Some new details make a weird kind of sense but only if you ignore half the established facts. For example, the new idea that the Ethereals intentionally provoked the Imperium into launching the Damocles Crusade quickly, so they wouldn't gather up a bigger force to kill them. This feels like the sort of decision the Ethereals would make to ensure the Empire's survival, but ignores half the facts behind them. Like the fact the Ethereals know little of the Imperium's actual size or power, that they had never met a full Imperial force to gauge their strength and that they made no obvious efforts to prepare for the conflict.

The same goes for the above examples of the Puretide Neurochips (Farsight tried to remove them as Puretide had never known about the existance psykers and his tactics wouldn't work) and the Ethereals' suppression of all knowledge of the Warp. The book completely and utterly ignores that the Empire has run into psykers multiple times and EVEN HAS WARP SENSITIVE RACES ALLIED TO THEM! 
The orks, who are all latently psychic and have ones they will use in offensive operations? Completely ignores them. The kroot who ate their flesh and gained their powers? Pretends they don't exist. The highly psychic nicassar who are not only a member race but serve as military auxiliaries? The book treats them like non-persons whenever these points are brought up. Even events like the war against Tark'ax are treated as if they never happened and completely ignore the presentation of Ethereals there.

The book ultimately took the Brian Bendis approach to writing: come up with an objective you want, then bulldoze your way to it via the most direct means. If something contradicts you or might cause you problems, either kill it off or pretend it never happened. That's really the issue here as it only keeps the bits the writers wanted, but any bits which were contradictory or were at odds with what was suggested were ditched entirely. They wanted the Tau Empire to be a horrible dystopia, for Farsight to be a heroic rebellion acting against them, and went about it without bothering to have it make any actual sense. Now, in fairness ignoring this practice you can see some talent behind Farsight's personal story and development. It's not too bad as things go and there is a logical progression behind his eventual rebellion against the Empire. The problem is that it came at not only the cost of the canon and the Tau Empire's ambiguity in its nature, but also Farsight's more interesting qualities.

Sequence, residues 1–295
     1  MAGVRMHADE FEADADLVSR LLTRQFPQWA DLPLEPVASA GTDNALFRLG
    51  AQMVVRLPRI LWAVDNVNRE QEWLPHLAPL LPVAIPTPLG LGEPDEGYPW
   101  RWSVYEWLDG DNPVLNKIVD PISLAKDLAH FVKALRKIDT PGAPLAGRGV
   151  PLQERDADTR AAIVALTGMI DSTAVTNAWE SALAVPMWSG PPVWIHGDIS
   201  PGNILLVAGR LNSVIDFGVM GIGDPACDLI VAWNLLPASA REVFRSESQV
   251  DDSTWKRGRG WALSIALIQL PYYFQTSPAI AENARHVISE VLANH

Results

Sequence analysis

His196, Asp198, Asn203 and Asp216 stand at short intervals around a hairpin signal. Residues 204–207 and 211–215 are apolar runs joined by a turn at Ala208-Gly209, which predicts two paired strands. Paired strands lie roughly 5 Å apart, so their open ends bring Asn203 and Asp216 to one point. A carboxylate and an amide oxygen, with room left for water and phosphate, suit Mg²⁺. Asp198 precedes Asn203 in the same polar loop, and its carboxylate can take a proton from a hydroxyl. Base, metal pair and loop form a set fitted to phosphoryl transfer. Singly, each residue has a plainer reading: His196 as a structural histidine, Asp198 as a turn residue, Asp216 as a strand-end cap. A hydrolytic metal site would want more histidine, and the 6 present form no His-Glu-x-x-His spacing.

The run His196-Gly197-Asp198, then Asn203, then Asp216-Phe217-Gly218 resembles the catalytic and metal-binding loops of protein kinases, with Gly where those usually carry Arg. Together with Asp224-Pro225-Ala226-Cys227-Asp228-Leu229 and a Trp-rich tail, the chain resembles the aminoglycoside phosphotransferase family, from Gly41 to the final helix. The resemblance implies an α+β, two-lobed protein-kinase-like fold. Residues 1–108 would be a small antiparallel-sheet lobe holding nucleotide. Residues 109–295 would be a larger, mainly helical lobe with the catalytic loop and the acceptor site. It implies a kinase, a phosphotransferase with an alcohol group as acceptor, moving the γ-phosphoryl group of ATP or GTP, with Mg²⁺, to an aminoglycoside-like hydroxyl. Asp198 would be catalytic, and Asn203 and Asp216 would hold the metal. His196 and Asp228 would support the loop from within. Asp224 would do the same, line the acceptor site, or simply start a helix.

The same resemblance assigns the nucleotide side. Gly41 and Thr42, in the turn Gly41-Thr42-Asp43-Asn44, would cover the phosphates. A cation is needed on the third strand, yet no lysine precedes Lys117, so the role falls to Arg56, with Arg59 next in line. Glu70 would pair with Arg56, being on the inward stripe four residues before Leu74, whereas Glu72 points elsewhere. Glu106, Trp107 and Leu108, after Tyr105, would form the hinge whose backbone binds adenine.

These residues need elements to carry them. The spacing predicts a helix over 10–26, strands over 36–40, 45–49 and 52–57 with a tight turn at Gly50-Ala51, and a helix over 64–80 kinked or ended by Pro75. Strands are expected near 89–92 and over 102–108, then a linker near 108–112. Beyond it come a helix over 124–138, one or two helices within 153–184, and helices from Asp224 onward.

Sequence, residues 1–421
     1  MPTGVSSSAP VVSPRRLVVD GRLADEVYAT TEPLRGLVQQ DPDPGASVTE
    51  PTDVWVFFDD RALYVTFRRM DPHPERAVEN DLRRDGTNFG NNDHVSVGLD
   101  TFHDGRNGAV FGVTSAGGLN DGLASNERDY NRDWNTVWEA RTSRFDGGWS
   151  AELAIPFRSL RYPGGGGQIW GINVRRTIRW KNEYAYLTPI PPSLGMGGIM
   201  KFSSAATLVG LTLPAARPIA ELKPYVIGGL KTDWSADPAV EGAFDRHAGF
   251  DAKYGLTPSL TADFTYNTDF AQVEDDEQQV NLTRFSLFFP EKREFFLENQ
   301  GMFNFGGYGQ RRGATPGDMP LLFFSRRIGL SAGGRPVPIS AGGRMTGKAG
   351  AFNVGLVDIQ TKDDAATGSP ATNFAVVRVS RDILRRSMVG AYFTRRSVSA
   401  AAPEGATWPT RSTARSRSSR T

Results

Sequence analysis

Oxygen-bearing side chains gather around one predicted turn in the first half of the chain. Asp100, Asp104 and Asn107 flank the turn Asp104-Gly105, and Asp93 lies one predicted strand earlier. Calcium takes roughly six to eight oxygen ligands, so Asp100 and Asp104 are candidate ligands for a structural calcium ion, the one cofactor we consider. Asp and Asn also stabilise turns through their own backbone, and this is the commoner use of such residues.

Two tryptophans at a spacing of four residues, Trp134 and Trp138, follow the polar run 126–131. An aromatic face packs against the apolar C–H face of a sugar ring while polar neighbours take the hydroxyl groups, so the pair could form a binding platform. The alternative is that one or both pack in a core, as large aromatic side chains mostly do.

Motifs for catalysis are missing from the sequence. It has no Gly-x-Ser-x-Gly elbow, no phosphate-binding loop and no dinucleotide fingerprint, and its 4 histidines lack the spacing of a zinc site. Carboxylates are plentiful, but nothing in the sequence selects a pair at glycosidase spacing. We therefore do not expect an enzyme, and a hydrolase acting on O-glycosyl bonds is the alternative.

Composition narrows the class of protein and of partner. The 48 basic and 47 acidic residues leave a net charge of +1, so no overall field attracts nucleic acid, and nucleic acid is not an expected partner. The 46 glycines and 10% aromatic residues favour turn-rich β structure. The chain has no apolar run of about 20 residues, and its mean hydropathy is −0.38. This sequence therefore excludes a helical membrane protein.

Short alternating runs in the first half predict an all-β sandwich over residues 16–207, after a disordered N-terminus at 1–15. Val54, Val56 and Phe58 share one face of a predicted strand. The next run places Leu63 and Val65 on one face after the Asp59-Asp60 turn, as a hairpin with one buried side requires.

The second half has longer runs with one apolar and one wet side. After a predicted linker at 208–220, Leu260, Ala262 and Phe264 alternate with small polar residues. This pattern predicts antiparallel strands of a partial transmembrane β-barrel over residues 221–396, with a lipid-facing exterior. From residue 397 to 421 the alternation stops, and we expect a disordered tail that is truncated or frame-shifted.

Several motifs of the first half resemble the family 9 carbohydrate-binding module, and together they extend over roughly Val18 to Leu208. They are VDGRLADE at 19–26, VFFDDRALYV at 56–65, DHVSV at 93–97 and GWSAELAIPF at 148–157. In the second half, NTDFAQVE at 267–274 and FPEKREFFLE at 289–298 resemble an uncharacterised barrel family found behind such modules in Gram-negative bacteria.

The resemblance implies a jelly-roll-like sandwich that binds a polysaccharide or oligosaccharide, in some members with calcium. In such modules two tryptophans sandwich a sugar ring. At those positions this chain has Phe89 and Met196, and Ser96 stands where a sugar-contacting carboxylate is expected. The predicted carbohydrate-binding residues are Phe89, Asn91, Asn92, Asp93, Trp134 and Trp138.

The thing which made Farsight so interesting was the lack of details behind just why he actually turned. The events on Arthas Moloch, the effect the death of all Ethereals in his expedition (not to mention the nature of their deaths), his abnormally long life, and most of all the origin and nature of the Dawn Blade. All of these were aspects we only knew fragmented hints of information behind and led to a multitude of fan theories, each working off of the scraps and details we were given. Theories surrounding the Blade ranged from it controlling Farsight, to it being one of the lost eldar blades of Vaul, being of daemonic origin or even a C'tan weapon. All of these were crushed in the single most disappointing way possible.